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  #11  
Old 01-15-2013, 10:32 AM
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Originally Posted by Saeleofu View Post
Well, duh! I think you two just figured it out! Since he broke his premolar on an antler - the reason for the dental - he hasn't had any chews to speak of. He used to chew on antlers all day long. Now - none. So, I think THAT is where the change is coming from. I haven't even given him his nylabone back yet. So, I think I need to get him more chews. Something not hard, but that his stomach can handle. Tracheas seemed to be okay for him, so there's a start, just don't know how much good a trachea does for teeth.
We sell raw tracheas at my work - I'm sure they do much more for dental health than the dried ones! Plus, they're the same price and a lot bigger. I give them to Missy mostly frozen, and it takes her forever.
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  #12  
Old 01-15-2013, 10:49 AM
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Originally Posted by Bigpoodleperson View Post
If you are hand scaling the teeth alot then you are creating tiny grooves in the enamel that arnt being polished away. Tarter sticks to these easier and faster.
This and it may just be more noticeable after a dental, clean slates look dirty faster than dusty ones.
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  #13  
Old 01-15-2013, 12:38 PM
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I think it depends on the dog. Julian went almost a decade (pretty good for a Yorkie!) with sparkling teeth (he chews raw bones, etc) He accumulated tartar pretty quickly when we did do a dental and it was discovered the tiny llittle molar in the back was bad, so it was pulled. He's put on tartar quickly now. That could be due to age or something though

However, I've hand scaled Aesop's teeth (canines) and his are still fine, although I did polish it afterwards. And Ginger's were fine after a dental. (her teeth are odd, though, as I have no idea what went on with her first owner, but all of her teeth are completely stained brown. It makes it look like she needs dental, when she in fact had a few dentals she probably didn't need.All staining.)

Newt has genetically crappy teeth that accumulate tartar within months of a dental. We have just accepted that she is a once or twice a year dental dog.
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Old 01-15-2013, 01:03 PM
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Originally Posted by JustaLilBitaLuck View Post
We sell raw tracheas at my work - I'm sure they do much more for dental health than the dried ones! Plus, they're the same price and a lot bigger. I give them to Missy mostly frozen, and it takes her forever.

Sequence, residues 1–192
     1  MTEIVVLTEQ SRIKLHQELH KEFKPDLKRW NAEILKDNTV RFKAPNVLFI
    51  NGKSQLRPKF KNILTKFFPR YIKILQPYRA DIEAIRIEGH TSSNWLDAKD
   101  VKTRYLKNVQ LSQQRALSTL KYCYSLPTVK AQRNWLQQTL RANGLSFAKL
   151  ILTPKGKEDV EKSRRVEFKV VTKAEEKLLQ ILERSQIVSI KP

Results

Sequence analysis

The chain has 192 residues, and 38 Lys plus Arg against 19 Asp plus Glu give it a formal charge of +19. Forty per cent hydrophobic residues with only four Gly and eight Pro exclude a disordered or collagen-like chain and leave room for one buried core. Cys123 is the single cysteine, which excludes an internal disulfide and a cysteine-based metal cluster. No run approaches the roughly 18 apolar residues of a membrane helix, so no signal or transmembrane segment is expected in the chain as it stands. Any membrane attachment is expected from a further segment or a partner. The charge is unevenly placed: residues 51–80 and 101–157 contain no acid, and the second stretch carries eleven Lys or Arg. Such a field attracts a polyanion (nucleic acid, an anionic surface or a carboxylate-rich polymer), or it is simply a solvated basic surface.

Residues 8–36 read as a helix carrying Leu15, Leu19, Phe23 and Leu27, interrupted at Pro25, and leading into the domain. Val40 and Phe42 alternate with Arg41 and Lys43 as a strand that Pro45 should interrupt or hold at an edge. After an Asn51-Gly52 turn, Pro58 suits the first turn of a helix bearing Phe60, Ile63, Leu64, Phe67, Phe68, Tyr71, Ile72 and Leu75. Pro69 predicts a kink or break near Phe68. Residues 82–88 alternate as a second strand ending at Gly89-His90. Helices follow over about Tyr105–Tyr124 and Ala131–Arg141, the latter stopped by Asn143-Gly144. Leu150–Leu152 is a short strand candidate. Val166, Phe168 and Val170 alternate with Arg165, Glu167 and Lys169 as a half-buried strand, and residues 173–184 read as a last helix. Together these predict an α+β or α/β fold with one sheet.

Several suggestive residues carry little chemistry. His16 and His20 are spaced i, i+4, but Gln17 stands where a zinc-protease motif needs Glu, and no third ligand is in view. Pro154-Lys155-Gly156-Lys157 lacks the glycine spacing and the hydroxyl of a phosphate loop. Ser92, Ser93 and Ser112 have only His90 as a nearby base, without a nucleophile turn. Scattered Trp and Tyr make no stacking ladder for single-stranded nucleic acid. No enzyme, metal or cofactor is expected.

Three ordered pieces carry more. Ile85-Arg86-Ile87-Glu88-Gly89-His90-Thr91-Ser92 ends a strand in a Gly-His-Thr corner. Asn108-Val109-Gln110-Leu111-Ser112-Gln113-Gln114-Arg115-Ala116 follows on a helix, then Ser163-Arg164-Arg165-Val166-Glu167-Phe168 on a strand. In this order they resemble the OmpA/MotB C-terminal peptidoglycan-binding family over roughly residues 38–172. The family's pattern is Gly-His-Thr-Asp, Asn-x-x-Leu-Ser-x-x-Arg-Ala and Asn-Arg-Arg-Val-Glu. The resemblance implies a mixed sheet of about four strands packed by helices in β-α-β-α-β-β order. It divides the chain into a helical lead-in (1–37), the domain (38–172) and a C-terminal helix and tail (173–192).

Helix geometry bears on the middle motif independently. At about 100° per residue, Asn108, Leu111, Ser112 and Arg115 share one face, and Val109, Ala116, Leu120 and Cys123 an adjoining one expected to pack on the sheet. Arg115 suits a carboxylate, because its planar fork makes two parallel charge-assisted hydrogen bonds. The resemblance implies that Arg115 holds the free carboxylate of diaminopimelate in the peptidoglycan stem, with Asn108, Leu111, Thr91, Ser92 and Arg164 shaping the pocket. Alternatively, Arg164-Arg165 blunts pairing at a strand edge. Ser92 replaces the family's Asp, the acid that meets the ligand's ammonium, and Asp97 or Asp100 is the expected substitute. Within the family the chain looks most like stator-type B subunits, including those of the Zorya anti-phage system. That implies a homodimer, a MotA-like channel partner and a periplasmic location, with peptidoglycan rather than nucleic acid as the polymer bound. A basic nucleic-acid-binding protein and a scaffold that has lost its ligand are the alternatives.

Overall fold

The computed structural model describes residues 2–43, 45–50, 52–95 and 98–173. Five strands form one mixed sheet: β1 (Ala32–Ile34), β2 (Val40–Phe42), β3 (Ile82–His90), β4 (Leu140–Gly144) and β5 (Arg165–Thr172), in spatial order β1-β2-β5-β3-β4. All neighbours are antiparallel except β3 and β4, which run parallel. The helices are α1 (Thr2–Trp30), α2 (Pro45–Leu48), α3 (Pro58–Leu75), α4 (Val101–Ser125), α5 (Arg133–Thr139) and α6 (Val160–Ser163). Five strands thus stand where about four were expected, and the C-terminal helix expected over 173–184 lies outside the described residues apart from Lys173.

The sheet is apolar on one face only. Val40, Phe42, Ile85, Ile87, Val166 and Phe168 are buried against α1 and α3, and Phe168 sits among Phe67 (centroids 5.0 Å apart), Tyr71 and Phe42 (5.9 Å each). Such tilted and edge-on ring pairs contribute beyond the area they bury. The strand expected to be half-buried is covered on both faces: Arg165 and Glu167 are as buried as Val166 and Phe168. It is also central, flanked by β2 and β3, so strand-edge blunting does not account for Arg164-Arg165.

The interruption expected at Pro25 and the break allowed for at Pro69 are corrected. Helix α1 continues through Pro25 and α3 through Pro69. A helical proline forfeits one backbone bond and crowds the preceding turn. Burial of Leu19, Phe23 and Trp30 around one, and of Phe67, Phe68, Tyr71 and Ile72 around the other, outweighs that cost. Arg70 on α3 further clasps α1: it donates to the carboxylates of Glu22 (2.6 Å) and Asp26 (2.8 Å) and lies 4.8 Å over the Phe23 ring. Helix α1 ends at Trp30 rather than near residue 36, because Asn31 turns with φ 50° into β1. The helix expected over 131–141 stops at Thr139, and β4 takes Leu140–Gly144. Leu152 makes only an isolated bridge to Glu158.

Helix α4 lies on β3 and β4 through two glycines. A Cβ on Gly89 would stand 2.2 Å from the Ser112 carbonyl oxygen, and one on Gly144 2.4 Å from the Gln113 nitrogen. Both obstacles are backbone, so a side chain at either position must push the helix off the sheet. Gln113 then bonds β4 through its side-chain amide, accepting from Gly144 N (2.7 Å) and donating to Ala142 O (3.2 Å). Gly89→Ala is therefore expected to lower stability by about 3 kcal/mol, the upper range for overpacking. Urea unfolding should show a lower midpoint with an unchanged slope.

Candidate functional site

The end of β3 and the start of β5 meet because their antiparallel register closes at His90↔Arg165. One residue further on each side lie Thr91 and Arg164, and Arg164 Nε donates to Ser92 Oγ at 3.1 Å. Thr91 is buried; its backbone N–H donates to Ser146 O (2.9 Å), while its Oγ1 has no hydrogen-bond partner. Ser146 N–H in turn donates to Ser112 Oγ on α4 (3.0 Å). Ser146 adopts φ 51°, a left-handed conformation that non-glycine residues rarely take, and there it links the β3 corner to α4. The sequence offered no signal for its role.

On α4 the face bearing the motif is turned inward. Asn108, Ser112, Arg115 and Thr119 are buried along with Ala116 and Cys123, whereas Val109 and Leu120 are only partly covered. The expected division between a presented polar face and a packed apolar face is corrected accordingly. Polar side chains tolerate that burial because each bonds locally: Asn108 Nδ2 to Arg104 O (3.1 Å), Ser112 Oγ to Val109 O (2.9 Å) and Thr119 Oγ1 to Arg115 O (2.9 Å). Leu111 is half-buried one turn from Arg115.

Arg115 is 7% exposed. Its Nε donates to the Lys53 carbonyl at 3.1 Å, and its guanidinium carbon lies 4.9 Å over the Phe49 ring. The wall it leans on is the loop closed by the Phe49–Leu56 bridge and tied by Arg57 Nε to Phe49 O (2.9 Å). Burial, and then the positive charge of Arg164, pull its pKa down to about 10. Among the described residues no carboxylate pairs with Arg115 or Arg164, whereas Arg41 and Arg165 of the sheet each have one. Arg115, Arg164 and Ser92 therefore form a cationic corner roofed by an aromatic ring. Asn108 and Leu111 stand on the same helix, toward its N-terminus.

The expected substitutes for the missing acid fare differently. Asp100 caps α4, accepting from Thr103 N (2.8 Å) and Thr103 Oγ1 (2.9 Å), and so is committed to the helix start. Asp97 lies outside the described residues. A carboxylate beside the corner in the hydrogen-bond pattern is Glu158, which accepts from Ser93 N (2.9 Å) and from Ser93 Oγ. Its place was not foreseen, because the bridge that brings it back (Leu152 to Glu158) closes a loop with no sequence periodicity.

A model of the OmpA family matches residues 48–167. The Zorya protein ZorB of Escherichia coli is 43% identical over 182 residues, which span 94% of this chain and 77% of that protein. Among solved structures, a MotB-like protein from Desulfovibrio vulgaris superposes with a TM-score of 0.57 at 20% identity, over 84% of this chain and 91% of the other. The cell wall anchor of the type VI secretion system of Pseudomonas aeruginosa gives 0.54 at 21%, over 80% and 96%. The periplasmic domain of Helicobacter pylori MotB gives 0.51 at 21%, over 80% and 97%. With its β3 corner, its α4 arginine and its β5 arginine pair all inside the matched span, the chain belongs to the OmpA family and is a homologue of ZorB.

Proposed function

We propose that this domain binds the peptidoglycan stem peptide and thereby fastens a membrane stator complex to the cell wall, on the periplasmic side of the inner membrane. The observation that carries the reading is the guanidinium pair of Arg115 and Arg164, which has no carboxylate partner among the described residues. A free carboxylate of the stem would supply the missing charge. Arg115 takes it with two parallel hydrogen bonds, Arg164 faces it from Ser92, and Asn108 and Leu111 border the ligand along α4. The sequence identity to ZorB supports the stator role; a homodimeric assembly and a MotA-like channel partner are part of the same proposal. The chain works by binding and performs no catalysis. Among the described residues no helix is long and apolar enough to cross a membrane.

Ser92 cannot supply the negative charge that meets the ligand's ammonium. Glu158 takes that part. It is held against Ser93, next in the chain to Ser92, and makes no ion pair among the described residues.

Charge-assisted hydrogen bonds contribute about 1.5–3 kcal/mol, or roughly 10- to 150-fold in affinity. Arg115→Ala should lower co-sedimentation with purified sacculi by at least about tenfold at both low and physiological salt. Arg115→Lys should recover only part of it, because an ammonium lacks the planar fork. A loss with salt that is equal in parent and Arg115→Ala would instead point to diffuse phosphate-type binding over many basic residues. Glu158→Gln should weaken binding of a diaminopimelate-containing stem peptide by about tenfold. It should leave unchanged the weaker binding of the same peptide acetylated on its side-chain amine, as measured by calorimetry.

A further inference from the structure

I wish I could find raw ones here!
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  #15  
Old 01-15-2013, 01:13 PM
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Originally Posted by Saeleofu View Post
I wish I could find raw ones here!
If you have any local pet food stores that carry raw products, I would give them a call and see if they can order some for you. We get ours from Green Tripe, but I'm sure there are other companies out there.
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  #16  
Old 01-15-2013, 01:17 PM
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Awesome, thanks! I'll have to see if I can get someone to order them in.
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  #17  
Old 01-15-2013, 01:25 PM
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Originally Posted by AdrianneIsabel View Post
This and it may just be more noticeable after a dental, clean slates look dirty faster than dusty ones.
Even if they're not hand scaled, you are depending on the skill of the technician polishing the teeth. A good polish job, and the dental appears to last longer. A crappy polishing job, and you'll see tartar build up much quicker.
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Old 01-15-2013, 02:23 PM
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I think the whole genetic predisposition thing is true... Lily's always had awesome teeth. Scout on the other hand, her teeth were nasty brown at 2yrs old on kibble... and they stayed that nasty on 50/50 pmr/kibble. But when I went full prey model raw with her? Bam, it looks like she had a dental. Crazy what a huge difference it made. I wish I'd taken before & after pics!
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  #19  
Old 01-15-2013, 04:41 PM
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Originally Posted by Bigpoodleperson View Post
If you are hand scaling the teeth alot then you are creating tiny grooves in the enamel that arnt being polished away. Tarter sticks to these easier and faster.
This. And I've noticed dogs that have the 'anesthetic free' dentals get tarter build up waaaay faster than those that have a more thorough cleaning and polishing under anesthesia.

Small dogs are more prone to dental disease than larger and some breeds are just more prone. Yorkies have terrible teeth for the most part.
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  #20  
Old 01-15-2013, 05:26 PM
Saeleofu Saeleofu is offline
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I've noticed dogs that have the 'anesthetic free' dentals get tarter build up waaaay faster than those that have a more thorough cleaning and polishing under anesthesia.
Logan was anesthetized - we had to remove a tooth was the only reason he had the dental at all. Can't really do that without anesthesia.

He's also not a small dog - he's a collie.
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